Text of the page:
Ethinyl Estradiol Acutely Attenuates Abnormal Coronary Vasomotor Responses to Acetlcholine in Postmenopausal Women

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Estrogen administration in postmenopausal women is associated with a 50% reduction in the clinical manifestations of coronary artery disease. The mechanisms are not known, although one potential explanation is estrogen-induced modulation of coronary vasoreactivity. Acetylcholine is an endo-thelium dependent vasodilator that may be used to assess coronary vasoreactivity and elicits coronary responses that parallel those found with common daily vasomotor stimuli. Therefore, we tested whether estrogen attenuates abnormal coronary vasomotor responses to acetylcholine in postmenopausal women.

Methods and Results

Acetylcholine-induced changes in coronary flow, resistance, and cross-sectional area were determined before and 15 minutes after intravenous administration of ethinyl estradiol (EE, 35, ug) in 15 postmenopausal women. The influence of estrogen on basal coronary flow, resistance, and epicardial cross-sectional area was also assessed by measuring these parameters before and after EE or placebo administration in 33 women. Estrogen altered basal coronary vasomotor tone in 22 women as manifested by an EE-induced 23.3 ± 4.5% (mean ± SEM) increase (P < .01) in coronary flow, a 15.0 ± 3.2% decrease (P < .01) in resistance, and a 20.0 ± 6.5% increase (P = .02) in epicardial cross-sectional area. Placebo administration in 11 women did not change these parameters. Estrogen also attenuated abnormal coronary vasomotor responses to acetylcholine. Seven women who exhibited a paradoxical acetylcholine-induced decrease in coronary flow (− 33.5 ± 12.3%, P < .01) and increase in resistance (38.9 ± 14.1%, P = .05) and seven who had an abnormal acetylcholine-induced decrease in epicardial cross-sectional area (− 14.2 ± 4.4%; P = .04) did not have acetylcholine-induced changes in these parameters after EE administration. Acetylcholine induced flow, resistance, and cross-sec-tional area responses before and after EE were significantly different (P < .01, P = .02, and P = .02, respectively). Normal coronary responses to acetylcholine were not affected by EE administration.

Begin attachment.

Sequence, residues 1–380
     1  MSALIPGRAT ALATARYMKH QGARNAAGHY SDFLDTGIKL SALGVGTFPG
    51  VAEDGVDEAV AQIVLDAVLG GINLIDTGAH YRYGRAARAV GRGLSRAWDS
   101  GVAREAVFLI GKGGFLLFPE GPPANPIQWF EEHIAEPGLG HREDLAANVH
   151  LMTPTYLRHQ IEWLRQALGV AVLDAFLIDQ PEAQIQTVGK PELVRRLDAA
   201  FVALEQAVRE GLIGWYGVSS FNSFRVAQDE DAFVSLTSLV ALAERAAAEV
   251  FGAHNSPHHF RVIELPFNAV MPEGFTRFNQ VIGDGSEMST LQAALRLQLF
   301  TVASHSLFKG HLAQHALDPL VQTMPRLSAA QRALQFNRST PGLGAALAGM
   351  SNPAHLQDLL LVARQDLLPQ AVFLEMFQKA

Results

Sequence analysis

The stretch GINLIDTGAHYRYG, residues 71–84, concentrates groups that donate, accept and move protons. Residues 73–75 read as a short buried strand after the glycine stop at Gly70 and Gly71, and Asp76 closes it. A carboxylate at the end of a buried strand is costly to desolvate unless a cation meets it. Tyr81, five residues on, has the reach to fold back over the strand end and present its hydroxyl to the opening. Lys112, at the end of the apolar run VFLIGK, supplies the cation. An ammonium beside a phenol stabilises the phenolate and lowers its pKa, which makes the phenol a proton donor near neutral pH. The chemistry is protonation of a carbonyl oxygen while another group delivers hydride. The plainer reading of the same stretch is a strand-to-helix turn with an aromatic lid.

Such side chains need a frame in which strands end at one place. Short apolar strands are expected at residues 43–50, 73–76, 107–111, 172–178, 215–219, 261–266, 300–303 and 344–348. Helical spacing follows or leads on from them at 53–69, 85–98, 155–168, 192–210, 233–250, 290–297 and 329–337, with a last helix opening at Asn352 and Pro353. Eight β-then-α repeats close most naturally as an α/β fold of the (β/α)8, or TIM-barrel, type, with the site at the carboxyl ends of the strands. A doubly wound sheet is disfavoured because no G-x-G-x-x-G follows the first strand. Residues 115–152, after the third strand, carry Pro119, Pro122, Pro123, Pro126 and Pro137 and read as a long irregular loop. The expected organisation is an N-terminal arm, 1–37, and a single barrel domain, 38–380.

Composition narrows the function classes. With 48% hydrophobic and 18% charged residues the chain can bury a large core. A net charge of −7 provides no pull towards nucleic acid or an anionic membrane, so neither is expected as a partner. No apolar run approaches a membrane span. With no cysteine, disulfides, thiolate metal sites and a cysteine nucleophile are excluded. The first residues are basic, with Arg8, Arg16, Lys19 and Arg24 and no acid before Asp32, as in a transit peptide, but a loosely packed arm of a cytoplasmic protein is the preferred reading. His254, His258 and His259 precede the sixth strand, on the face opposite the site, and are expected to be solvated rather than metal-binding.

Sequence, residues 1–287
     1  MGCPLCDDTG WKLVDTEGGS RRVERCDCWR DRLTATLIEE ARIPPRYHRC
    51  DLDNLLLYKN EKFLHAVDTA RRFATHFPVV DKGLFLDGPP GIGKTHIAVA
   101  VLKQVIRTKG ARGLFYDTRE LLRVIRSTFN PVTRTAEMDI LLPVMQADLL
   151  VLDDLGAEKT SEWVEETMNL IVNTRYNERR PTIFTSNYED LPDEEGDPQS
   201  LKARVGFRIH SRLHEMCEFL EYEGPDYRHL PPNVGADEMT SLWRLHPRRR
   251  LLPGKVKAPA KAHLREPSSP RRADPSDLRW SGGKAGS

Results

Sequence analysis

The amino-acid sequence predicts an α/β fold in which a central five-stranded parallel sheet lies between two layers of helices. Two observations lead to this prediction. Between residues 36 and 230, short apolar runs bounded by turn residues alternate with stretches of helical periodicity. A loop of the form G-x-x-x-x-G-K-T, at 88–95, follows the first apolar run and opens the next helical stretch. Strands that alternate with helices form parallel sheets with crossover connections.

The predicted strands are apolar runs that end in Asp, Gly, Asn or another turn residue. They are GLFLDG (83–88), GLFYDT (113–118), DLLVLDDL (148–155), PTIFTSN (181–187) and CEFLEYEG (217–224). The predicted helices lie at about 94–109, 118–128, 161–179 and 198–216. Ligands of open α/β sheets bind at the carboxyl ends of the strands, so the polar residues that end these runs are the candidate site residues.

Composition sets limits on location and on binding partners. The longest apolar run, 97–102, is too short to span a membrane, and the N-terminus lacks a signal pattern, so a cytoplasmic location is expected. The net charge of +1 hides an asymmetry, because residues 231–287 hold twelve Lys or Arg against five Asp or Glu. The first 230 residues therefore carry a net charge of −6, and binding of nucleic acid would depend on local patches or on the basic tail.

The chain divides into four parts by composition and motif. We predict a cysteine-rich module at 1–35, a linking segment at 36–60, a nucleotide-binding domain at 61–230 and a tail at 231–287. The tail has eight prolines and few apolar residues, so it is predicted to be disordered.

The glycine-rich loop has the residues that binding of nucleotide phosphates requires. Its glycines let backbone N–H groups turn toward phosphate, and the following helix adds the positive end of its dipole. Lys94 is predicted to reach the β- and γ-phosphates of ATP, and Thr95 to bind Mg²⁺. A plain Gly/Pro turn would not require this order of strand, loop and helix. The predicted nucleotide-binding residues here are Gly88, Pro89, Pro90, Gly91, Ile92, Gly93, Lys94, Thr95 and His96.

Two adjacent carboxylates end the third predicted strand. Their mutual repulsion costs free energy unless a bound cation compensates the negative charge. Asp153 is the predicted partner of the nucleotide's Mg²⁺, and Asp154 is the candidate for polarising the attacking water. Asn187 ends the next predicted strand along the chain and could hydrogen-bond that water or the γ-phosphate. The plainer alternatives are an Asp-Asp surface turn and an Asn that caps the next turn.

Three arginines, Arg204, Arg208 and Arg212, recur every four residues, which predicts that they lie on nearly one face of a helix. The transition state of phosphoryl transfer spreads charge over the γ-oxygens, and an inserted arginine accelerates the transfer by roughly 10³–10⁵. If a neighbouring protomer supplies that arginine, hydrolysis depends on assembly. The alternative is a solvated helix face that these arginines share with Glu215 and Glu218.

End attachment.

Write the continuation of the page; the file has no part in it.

EE attenuates abnormal coronary vasomotor responses to acetylcholine in postmenopausal women. EE also decreases basal coronary vasomotor tone as manifested by increased coronary flow, decreased resistance, and in-creased epicardial cross-sectional area. These acute effects of estrogen on coronary vasoreactivity may explain, in part, the cardioprotective effects of estrogen in postmenopausal women.

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